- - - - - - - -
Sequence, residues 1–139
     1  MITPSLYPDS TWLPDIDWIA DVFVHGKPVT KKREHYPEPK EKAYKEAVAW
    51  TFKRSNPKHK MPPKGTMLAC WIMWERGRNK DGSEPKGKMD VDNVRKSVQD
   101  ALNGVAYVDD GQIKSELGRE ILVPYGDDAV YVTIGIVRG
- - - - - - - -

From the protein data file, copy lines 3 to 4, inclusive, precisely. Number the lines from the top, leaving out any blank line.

    51  TFKRSNPKHK MPPKGTMLAC WIMWERGRNK DGSEPKGKMD VDNVRKSVQD
   101  ALNGVAYVDD GQIKSELGRE ILVPYGDDAV YVTIGIVRG